Quartering Act (1765)
After the French and Indian War, many colonists were beginning to move onto land west of the Appalachian Mountains. This land had belonged to France before the war. This upset many Native Americans. The colonists were moving onto their land. As a result, Parliament decided to keep some soldiers in the thirteen colonies. This was done to protect the colonists from both the French and the Native Americans.
In March 1765, Parliament passed the Quartering Act. Under this act, the colonists were responsible for providing the soldiers with food, housing and supplies such as firewood, beer, cider and candles.
British motivations for enforcing the Quartering Act were mixed. Some officials were truly concerned about protecting the colonies from attack and viewed this law the perfect way to do that. Also part of the calculation, however, was a desire to cut costs. If the colonies were to be protected, why should they not pay for the soldiers? The British Government had spent a lot of money to win the French and Indian War. They felt that it was only fair that the colonists now help pay some of the cost of protecting them. However, the colonists were angry at having to obey a law that they did not vote for.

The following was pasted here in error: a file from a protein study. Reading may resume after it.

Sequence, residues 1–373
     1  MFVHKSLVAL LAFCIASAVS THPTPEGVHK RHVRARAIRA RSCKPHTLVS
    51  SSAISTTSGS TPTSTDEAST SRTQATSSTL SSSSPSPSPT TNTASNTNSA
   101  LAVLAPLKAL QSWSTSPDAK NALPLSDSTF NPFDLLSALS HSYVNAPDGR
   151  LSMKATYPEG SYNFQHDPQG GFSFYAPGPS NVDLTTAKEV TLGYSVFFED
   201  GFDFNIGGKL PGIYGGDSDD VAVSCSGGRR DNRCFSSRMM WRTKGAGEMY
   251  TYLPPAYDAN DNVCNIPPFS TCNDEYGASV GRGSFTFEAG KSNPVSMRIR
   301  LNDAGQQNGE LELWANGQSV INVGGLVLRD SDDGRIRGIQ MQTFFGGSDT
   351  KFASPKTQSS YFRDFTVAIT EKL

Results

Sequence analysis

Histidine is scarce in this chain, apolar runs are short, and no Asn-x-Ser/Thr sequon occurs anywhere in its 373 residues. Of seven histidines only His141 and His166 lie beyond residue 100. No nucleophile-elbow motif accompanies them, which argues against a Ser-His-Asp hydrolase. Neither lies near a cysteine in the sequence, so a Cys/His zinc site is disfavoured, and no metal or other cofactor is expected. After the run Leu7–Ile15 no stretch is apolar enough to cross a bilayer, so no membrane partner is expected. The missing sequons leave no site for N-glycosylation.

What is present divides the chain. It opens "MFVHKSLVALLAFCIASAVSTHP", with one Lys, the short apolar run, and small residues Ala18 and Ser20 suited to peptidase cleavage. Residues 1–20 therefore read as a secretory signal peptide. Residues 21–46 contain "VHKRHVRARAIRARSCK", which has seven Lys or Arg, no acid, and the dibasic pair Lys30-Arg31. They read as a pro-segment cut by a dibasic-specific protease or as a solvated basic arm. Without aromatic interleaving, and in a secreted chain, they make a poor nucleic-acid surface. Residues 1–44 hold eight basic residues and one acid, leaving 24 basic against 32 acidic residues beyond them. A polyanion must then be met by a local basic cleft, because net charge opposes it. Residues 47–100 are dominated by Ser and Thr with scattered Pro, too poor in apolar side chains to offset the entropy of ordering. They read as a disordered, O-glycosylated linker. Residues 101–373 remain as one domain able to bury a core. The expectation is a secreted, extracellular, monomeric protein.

1. What were some of the effects of Britain's victory in the French and Indian War?
2. How did the French and Indian War effect the Native Americans?
3. Why did the Parliament feel justified in passing The Quartering Act?
4. What was the reaction of the colonists to the Quartering Act?